Partnering to advance preference based care among nursing home residents

Are you a cat person or a dog person?
Your preferences matter to this academic and community research project.

On Friday, October 20, 2017, The Knolls of Oxford Activities Director, Suzanne House, the staff and residents received a Certificate of Excellence and a robotic companion pet cat for promoting preference-based care by honoring preferences that enhance the quality of life for their residents from the Scripps Gerontology Center Preference Based Living team.

Knolls of Oxford Resident with her card

Miami University's Scripps Gerontology Center’s project, “Incorporating the Preferences for Everyday Living into Ohio’s Nursing Homes to Improve Resident Care,” is funded to partner with nursing home providers seeking to deliver person-centered care by honoring their residents’ preferences for everyday living. Translating research into practice is a hallmark of the Preference Based Living team.

The team partnered with the Knolls of Oxford, to pilot test a novel communication intervention - preferences for activities and leisure (PAL) cards with their skilled nursing residents. PAL cards provide at a glance information about a resident’s background and important preferences for daily life. Staff at the Knolls of Oxford report that PAL cards are helpful because they promote more personalized care. Residents felt that their voices were heard, which made them feel like a person. The cards spark conversations between staff, volunteers, and community members, contributing to a greater sense of connectedness.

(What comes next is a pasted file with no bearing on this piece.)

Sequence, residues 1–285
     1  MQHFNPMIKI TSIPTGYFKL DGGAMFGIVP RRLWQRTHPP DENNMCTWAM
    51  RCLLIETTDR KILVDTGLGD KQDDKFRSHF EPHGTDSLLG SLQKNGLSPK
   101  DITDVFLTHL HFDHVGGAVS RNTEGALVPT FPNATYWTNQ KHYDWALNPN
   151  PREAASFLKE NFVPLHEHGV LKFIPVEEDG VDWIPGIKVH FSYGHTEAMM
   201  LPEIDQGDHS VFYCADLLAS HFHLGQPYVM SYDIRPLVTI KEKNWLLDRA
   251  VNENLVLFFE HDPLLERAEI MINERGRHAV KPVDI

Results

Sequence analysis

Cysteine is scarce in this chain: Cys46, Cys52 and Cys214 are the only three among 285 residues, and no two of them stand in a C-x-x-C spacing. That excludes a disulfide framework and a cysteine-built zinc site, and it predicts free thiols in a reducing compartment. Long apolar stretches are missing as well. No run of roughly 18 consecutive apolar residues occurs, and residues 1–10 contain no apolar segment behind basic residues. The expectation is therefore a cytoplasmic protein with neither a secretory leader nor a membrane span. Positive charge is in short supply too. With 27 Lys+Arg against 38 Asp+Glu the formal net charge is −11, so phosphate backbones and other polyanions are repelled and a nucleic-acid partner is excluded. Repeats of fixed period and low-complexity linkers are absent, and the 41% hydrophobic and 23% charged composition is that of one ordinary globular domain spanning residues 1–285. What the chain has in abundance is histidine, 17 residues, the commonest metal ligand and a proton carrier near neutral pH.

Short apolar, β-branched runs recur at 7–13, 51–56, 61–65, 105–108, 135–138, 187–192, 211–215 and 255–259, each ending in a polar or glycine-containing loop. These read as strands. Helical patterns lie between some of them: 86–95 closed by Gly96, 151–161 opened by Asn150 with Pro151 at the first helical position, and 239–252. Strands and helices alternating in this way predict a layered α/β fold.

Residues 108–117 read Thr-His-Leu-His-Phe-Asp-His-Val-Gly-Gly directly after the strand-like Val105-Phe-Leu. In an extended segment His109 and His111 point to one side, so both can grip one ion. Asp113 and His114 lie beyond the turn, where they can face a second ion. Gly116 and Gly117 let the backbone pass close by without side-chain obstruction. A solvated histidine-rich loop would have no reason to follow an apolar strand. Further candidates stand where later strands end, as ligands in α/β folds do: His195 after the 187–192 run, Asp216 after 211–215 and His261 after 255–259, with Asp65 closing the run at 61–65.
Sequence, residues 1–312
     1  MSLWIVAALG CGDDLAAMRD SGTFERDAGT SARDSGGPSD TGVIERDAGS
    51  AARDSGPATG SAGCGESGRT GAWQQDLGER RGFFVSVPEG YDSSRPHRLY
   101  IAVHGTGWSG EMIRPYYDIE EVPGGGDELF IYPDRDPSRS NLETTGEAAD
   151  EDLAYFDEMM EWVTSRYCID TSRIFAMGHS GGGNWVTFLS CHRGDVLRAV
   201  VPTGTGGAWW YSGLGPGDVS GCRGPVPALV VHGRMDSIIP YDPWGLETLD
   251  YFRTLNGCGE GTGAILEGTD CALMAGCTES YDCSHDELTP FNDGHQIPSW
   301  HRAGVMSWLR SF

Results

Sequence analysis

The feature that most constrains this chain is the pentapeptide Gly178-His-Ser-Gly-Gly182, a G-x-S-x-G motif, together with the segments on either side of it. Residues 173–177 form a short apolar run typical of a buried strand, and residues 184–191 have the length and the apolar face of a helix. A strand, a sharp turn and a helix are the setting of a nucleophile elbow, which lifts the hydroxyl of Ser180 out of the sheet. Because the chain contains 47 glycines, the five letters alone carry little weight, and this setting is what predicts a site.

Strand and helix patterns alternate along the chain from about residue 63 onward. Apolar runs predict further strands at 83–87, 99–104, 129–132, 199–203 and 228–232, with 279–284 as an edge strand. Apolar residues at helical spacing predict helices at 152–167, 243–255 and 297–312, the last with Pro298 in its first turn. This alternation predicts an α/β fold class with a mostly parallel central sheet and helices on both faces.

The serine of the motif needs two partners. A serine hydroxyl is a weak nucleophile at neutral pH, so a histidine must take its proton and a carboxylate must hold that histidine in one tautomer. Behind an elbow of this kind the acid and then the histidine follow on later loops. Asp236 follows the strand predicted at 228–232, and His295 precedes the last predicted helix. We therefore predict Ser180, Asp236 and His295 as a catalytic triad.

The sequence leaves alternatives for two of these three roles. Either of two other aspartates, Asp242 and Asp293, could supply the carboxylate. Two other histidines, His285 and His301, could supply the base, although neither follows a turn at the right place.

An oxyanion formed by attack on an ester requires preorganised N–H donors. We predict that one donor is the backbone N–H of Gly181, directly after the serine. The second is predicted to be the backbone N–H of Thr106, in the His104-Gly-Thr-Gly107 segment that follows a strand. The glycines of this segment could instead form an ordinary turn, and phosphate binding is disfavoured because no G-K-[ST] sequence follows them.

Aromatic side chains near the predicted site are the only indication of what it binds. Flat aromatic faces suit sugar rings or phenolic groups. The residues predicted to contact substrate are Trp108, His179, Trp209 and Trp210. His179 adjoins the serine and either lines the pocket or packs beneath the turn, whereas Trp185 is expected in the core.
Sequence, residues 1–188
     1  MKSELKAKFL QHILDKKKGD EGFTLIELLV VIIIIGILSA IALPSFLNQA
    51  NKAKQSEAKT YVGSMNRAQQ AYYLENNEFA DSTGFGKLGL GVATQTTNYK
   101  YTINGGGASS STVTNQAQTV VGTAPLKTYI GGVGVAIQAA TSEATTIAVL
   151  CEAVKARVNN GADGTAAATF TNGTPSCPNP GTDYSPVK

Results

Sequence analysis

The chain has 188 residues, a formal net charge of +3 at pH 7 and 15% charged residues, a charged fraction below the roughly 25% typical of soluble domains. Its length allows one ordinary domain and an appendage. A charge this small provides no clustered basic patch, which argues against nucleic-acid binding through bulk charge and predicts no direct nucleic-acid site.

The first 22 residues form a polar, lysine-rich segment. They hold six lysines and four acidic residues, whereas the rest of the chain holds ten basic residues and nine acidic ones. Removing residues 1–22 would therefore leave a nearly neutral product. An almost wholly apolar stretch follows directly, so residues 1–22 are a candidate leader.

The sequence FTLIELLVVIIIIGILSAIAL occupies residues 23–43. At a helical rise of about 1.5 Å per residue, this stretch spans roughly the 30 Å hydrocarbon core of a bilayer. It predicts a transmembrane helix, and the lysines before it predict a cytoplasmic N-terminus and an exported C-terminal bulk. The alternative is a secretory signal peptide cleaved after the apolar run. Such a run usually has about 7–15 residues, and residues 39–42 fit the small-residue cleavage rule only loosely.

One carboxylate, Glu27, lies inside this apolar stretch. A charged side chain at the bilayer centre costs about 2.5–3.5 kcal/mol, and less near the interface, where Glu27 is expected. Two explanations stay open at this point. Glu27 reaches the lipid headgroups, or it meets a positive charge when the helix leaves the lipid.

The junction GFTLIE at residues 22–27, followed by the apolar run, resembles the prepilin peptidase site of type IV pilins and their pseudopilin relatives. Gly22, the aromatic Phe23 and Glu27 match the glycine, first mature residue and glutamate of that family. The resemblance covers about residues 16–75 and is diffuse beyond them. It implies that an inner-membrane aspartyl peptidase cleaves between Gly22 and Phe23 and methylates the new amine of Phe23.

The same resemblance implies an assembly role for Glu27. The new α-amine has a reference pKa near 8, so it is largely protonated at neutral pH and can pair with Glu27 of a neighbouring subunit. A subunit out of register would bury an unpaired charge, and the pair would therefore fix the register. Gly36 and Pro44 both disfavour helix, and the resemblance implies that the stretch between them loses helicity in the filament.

Katherine Abbott, PhD, MGS a Preference-Based Living team member from Miami University's Scripps Gerontology Center honored Suzanne House, Knolls activities director with a robotic companion pet cat for Knolls residents that have a preference to be around animals. “We are grateful for the partnership we have with The Knolls of Oxford, which allows us to test out interventions in the real-world setting,” states Dr. Abbott. “Meeting resident preferences improve resident quality of life, increases employee satisfaction, and helps the provider meet government regulations.”

The mission of the Preference based Living team is to research and advocate for effective ways to honor important everyday preferences for people receiving long-term services and supports. In addition to scientific studies, they develop resources for formal and informal caregivers, including assessment tools, evidence-based interventions, webinars, videos, implementation manuals and tip sheets that can be found at

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